From the People's Daily App.
This is Story in the Story.
Parrot breeding has lifted widower Nie Xiangbo not only out of a serious bout of depression, but also a spiral into poverty.
Nie lives in Gongjiaqiao village, Linqu county, Shandong province. Years ago, a boiler explosion killed his wife when the couple were cooking a meal at home together.
The fire left extensive burns on his body as well as emotional scars.
"The fire burned down my house and destroyed my life," he recalled. "I was unable to work and had no source of income. The medical bills left me in huge debt."
However, with the help of local officials Nie started a new life raising parrots.
Today’s Story in the Story looks at how a struggle against adversity and a bout of depression eventually turned into a thriving business.
Parrots are a popular pet in the country. (Photo: CHINA DAILY)
In 2015, village officials Niu Weizhi and Zhao Fenqi were assigned to help Nie. Their first task was to tear down the defensive walls Nie had built around himself. They visited Nie every now and then, chatted with him and tried to cheer him up.
When Nie was recovering from his burns, one of his relatives sent him two parrots as pets. "The relative wanted to give him something to do to avoid boredom, but it translated into a big business," Zhao said.
Nie had never raised parrots before but was intrigued.
He devoted his time to raising the birds and soon understood the parrots' habits and routines. Within a year, the two parrots had given birth to more than 10 offspring.
"He gradually started talking again," Zhao said. "We asked him to keep his chin up and told him that despite what he had been through, life goes on."
Then, Niu and Zhao saw an opportunity.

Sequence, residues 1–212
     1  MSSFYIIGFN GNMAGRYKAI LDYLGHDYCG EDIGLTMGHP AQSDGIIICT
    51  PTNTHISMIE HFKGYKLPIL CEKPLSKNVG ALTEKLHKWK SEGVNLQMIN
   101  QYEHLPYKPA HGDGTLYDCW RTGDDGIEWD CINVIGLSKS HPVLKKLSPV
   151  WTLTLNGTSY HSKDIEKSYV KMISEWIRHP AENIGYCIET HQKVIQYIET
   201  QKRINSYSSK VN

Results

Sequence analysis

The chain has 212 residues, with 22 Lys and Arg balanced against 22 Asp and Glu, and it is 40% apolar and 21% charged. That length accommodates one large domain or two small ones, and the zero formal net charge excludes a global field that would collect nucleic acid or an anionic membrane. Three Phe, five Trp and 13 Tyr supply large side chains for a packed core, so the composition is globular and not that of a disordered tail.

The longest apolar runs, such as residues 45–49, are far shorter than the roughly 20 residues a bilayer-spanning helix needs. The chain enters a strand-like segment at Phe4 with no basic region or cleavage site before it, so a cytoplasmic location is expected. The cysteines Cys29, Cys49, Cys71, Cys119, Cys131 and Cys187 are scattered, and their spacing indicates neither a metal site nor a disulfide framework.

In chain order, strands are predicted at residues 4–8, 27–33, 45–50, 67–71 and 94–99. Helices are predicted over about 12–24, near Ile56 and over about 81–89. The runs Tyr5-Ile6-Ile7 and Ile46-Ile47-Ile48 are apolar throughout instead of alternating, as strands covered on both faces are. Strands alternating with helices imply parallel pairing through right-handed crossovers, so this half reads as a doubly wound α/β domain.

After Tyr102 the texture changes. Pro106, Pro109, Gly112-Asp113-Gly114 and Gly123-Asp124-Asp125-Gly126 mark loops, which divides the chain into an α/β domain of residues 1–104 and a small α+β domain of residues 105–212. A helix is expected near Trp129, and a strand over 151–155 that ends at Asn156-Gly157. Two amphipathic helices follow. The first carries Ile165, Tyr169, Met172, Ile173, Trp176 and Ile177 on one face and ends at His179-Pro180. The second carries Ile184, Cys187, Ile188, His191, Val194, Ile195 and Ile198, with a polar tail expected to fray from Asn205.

"We went to the pet market and found that parrots were quite popular pets, so we suggested that Nie raise parrots on a big scale," Zhao said.
Nie agreed. He bought books on parrot raising, and turned to experts for knowledge about parrots, including how to tell their sex, how to prevent diseases and how to train them.
As his venture grew, the officials began to seek financial support for Nie and helped him establish a parrot-raising cooperative. They found vacant land to build a base, while relevant departments offered Nie guidance on entrepreneurship, information and training.
The cooperative officially opened in March 2016. According to the agreement, Nie would receive 60 percent of the cooperative's revenue for his skills and labor, while the village would get 40 percent from the input of infrastructure.
"A pair of parrots can give birth four times a year, and each parrot can fetch 20 yuan to 100 yuan," Nie said.
In the first year, Nie managed to rake in 30,000 yuan, which effectively lifted him out of poverty.
Riding on the success of the parrot-raising industry, Nie became a technical adviser for villagers.
"I pair the birds according to their habits and personalities," Nie said. "A male and a female usually stay together, and I feed them twice a day."
"The budgerigars are easy to raise, but the cockatiels are picky and shy," he added.
As his story illustrates, success did not come easy for Nie but he pressed on.
At his breeding base, he has 11 buildings filled with 2,000 fluttering parrots of various breeds. Last year, Nie sold more than 3,000 parrots, earning him more than 100,000 yuan ($14,100).
"I have found a new life," he said.
(Produced by Nancy Yan Xu, Brian Lowe, Lance Crayon and Da Hang. Music by bensound.com. Text from China Daily.)